Former Sen. Jay Rockefeller's (D-WV) Rock Creek Park mansion is one of Washington’s most luxurious residences. The 1920's era house sits atop a leafy 16-acre estate known as “The Rocks” and has two mailing addresses. The main gate is on Shepherd Street in Crestwood and a second winding driveway cuts across National Parkland to connect with Park Road.
The public got a rare look inside the palatial estate in 2008 when Rockefeller hosted a fundraiser for the Obama campaign. A New York Times reporter was in attendance and described what he saw:
“Our night began at The Rocks, Jay Rockefeller’s chateau away from chateau deep in the hills of Rock Creek Park. To reach the site of this particular Obama fundraiser, you wind along the edges of Rock Creek Park and then turn up a steep, long, hey mistah Rockefeller, how about $3000 to shovel your driveway sort of entryway. … There are oaks and Chestnut trees and then there’s the house, with four Ionic columns and a slate roof and 17 windows across the front and the Rockefellers apparently suffer no critical shortage of guest bedrooms. It is a useful reminder that before the Gates and Bloomberg and Warren B., there was old man John D. Rockefeller, who bequeathed successive generations of descendants a truly astonishing boodle of money.”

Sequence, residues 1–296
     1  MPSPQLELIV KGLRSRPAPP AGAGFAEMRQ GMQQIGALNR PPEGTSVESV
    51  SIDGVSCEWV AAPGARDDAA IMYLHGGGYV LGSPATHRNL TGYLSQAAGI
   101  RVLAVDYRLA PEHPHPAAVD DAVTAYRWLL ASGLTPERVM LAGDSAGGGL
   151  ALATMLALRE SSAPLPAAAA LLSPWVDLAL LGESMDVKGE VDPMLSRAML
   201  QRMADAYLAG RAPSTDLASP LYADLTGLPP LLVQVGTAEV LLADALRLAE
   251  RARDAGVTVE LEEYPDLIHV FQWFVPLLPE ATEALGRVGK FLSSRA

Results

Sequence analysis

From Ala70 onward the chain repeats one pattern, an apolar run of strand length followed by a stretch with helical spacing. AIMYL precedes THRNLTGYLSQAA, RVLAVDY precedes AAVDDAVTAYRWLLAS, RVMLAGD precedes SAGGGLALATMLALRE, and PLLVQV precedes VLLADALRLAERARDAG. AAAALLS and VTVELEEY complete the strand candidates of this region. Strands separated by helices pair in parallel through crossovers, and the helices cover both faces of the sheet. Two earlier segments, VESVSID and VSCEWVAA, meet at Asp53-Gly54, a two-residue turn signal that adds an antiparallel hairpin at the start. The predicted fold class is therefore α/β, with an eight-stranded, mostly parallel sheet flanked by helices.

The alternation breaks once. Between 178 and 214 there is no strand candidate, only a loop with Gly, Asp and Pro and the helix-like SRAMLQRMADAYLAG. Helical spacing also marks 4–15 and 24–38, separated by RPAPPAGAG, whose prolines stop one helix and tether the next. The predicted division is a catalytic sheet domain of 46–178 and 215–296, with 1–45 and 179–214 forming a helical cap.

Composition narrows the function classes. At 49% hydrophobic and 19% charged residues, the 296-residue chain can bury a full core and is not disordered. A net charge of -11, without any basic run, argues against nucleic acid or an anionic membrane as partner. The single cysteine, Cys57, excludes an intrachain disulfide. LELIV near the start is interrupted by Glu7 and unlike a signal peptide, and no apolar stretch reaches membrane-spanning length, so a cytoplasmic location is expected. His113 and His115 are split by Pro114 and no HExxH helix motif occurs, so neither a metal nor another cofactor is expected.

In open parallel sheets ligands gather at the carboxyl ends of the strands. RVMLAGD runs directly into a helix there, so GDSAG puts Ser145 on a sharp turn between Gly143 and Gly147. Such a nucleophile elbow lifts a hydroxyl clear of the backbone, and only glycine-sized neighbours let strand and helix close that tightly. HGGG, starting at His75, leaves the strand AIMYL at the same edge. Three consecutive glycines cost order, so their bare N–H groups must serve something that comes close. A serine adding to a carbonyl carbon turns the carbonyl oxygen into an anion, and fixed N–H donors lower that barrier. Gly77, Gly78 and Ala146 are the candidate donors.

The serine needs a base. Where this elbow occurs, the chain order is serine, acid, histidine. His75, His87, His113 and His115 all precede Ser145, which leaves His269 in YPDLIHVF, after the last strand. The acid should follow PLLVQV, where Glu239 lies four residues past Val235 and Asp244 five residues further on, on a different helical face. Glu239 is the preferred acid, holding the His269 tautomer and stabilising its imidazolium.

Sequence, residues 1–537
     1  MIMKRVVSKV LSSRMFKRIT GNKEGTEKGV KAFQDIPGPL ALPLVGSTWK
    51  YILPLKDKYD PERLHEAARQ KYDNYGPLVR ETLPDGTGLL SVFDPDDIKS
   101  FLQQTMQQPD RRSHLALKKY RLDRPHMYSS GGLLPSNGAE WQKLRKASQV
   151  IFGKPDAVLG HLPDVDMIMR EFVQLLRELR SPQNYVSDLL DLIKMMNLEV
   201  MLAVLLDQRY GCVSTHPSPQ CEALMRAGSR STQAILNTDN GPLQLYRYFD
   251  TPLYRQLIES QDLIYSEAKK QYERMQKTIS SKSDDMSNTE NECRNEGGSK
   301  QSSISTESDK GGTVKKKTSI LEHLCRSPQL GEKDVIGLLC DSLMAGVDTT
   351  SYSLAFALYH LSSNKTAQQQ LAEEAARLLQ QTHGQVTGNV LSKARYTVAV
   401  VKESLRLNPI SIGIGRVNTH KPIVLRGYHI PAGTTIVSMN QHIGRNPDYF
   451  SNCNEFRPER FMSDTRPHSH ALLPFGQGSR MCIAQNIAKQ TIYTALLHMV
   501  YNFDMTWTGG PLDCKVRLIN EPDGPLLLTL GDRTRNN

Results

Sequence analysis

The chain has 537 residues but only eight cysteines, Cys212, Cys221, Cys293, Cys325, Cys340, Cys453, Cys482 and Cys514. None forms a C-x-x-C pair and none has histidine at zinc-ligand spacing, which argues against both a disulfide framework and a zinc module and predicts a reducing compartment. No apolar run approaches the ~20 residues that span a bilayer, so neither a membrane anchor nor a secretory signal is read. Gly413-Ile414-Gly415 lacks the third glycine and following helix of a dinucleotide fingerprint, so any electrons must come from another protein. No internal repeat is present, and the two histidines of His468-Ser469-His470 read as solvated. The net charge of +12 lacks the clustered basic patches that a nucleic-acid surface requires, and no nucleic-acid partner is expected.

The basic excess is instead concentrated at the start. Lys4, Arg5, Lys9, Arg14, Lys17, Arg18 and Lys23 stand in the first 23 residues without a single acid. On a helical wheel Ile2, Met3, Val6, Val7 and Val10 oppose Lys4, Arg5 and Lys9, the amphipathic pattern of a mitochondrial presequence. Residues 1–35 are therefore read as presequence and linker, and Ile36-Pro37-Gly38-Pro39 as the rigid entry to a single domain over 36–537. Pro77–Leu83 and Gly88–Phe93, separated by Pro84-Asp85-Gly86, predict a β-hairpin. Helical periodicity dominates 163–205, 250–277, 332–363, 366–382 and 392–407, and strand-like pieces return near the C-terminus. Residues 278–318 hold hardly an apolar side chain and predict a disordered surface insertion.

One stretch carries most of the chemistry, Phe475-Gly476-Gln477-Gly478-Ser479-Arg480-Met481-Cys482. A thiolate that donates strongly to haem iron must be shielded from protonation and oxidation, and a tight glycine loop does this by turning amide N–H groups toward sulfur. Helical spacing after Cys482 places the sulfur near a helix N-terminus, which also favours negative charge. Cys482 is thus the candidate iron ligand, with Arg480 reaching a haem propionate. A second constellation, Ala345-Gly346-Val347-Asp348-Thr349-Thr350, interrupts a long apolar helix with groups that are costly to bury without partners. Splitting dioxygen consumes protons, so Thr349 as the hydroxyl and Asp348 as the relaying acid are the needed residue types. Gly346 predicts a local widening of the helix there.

Rockefeller bought the 21,000 square foot house for $6.5 million in cash when he was elected to the Senate. Remodeling and the addition of a tennis court, detached pool house, and two four-car garages raised the current value to an estimated $18 million.
The house dates back to 1927, when Daisy Blodgett built it as a wedding present for her daughter Mona. (Interesting side note: Mona’s father-in-law lead construction of the central portion of the Panama Canal). Mona’s husband died in 1982, and with no living children she sold the family estate to the Rockefellers in 1984. She passed away in 1990. Mona and her husband both served in the Army (Nurse, and Corps of Engineers, respectively), so they are buried together with their son in Arlington National Cemetary.
Washington used to have numerous private estates like The Rocks but the majority are now open to the public as museums, art galleries and schools. Hopefully Jay Rockefeller will consider opening up The Rocks to the public if he ever moves back to West Virginia.